10. You may be more stressed out.

Not having sex can contribute to stress. You may worry about how the lack of sex is impacting your relationship, which adds to your stress burden. By having sex regularly with your partner, you’ll be encouraging your body to release “feel-good” hormones that help ease that stress and promote feelings of closeness, happiness and well-being.

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Easing back into sexy

There are obvious benefits to maintaining an active sex life. But if you’ve been out of the game for a while, tread slowly…

If you’re looking to resume sexual activity after not having sex for a while, the first thing to do is determine if you have any existing problems that could interfere. This sex audit could help you identify any physical or psychological issues you’re having with sex.

Once these problems have been addressed, have a frank conversation with your partner about what you do and do not want from sex. And don’t feel like you have to jump right back into intercourse — start with things like touching, cuddling and kissing. Once you’ve re-established that layer of physical intimacy, it will feel natural and easy to resume full-on sexual activity.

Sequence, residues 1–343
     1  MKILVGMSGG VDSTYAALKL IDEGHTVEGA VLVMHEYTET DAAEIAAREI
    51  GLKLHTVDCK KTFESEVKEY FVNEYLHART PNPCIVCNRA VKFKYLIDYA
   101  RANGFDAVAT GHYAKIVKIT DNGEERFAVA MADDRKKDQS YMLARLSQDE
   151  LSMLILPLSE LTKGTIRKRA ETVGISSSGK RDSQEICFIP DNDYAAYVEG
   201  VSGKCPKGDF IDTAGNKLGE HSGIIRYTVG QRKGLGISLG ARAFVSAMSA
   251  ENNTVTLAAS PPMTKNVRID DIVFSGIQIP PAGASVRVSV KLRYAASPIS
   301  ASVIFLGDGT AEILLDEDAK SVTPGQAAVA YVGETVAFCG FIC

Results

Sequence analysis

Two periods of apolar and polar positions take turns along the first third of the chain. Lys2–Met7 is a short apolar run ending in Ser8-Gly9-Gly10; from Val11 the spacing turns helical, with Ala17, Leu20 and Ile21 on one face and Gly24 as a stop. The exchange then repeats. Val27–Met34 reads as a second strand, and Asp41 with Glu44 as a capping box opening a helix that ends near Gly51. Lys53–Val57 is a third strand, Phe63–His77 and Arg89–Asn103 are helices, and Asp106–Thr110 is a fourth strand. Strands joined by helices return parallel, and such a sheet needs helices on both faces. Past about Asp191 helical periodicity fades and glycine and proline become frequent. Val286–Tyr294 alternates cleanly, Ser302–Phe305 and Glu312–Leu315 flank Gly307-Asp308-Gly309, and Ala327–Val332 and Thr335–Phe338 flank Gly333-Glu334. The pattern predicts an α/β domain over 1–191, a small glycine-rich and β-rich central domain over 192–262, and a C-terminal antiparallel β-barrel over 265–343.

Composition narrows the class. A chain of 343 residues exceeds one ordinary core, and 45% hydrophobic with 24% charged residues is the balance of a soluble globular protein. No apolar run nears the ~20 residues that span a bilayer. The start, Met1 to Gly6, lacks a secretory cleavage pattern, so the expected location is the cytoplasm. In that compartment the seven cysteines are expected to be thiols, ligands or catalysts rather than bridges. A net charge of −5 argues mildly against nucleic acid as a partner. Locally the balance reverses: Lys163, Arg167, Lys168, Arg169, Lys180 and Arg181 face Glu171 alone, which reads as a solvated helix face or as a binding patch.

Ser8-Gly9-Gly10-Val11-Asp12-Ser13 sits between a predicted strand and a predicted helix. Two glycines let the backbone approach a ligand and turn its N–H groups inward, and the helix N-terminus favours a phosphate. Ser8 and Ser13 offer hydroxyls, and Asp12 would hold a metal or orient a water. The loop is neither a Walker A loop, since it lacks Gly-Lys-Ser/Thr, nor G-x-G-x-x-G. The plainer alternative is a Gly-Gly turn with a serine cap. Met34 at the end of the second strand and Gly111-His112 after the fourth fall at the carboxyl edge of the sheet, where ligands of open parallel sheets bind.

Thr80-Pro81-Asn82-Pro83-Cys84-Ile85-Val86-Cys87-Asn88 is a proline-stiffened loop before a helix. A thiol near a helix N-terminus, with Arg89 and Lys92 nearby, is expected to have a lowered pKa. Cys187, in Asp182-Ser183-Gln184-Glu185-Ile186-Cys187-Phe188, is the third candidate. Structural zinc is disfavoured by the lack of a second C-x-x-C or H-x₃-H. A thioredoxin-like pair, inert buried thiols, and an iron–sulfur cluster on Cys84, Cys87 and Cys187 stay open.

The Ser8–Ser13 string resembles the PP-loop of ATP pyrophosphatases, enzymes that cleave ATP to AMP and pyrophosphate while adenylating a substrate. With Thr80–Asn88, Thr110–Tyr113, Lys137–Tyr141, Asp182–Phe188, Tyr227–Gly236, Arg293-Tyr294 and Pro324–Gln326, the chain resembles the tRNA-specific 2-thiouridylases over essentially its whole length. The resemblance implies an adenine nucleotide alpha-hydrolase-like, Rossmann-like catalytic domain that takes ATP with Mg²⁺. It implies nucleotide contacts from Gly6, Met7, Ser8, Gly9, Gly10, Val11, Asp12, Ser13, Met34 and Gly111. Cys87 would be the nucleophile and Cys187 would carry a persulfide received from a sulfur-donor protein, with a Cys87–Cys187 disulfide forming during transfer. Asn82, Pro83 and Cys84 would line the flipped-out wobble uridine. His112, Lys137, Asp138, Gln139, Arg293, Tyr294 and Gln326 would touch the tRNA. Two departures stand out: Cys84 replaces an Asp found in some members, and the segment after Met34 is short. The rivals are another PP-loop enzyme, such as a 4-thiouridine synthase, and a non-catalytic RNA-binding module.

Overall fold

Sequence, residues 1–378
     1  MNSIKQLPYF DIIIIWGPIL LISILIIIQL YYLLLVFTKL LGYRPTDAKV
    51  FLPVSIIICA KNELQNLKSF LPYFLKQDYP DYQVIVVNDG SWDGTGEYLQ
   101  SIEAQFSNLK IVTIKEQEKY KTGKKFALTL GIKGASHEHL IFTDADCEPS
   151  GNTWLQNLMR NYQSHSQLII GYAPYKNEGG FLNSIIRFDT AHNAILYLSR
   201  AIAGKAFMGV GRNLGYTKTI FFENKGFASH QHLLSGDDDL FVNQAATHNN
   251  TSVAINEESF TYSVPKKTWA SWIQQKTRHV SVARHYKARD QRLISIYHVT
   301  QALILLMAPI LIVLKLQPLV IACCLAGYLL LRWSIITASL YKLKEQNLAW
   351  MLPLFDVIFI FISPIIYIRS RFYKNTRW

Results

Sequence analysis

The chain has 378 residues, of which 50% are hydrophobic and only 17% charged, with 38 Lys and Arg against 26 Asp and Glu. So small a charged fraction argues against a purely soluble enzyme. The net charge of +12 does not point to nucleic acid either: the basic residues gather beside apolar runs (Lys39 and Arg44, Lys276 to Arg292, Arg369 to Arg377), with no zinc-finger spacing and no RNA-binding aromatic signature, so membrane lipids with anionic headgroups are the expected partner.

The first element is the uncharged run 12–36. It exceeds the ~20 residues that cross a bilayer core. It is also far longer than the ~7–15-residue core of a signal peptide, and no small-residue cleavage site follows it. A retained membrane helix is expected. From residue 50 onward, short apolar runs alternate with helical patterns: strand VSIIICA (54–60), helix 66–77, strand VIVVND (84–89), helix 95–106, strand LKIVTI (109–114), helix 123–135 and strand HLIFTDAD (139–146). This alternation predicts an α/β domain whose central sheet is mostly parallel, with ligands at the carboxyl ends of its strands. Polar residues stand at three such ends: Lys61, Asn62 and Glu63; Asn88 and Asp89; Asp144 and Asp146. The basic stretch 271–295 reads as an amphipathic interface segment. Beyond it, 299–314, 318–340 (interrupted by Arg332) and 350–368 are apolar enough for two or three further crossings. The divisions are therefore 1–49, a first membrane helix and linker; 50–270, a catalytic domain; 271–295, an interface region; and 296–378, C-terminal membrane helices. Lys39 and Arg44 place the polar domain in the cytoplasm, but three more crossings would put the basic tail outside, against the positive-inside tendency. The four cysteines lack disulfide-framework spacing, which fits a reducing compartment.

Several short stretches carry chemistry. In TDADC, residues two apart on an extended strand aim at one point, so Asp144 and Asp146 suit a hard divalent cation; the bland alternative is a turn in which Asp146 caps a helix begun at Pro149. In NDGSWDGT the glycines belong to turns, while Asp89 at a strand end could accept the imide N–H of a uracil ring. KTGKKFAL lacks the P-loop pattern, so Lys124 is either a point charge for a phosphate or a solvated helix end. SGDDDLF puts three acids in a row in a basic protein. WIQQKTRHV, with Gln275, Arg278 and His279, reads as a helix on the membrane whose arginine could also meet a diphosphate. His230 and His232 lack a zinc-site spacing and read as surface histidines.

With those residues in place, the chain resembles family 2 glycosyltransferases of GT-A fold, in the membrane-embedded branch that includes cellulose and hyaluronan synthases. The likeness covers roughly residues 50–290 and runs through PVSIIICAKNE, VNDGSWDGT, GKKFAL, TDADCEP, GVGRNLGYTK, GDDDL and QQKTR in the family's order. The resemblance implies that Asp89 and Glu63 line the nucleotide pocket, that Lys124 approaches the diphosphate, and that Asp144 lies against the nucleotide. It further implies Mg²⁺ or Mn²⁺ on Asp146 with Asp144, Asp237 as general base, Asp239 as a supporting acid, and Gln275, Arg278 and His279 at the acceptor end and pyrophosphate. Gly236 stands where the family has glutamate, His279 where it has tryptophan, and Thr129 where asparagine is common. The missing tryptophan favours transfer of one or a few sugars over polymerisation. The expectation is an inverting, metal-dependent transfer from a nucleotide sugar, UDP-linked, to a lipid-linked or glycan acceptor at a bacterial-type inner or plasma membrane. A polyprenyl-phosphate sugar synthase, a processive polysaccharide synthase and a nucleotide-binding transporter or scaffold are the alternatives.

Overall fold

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What Happens When You Stop Having Sex — WebMD

This Is What Happens to Your Body When You Stop Having Sex — Well + Good

Is Sex Dangerous If You Have Heart Disease? — Johns Hopkins Medicine

4 Ways a Healthy Sex Life Supports Good Mental Health — The Relationship Place

Frequent Sex is Linked to Better Memory — Indiana University

Sex on the brain! Associations between sexual activity and cognitive function in older age — Age and Ageing

The 10 Health Benefits of Regular Sex — The Mews Practice

Don’t Let Arthritis Ruin Your Sex Life — AARP

Best Ways to Prevent (and Lessen) Vaginal Atrophy — HealthCentral

Carolyn Gretton

By Carolyn Gretton

Carolyn Gretton is a freelance writer based in New Haven, CT who specializes in all aspects of health and wellness and is passionate about discovering the latest health breakthroughs and sharing them with others. She has worked with a wide range of companies in the alternative health space and has written for online and print publications like Dow Jones Newswires and the Philadelphia Inquirer.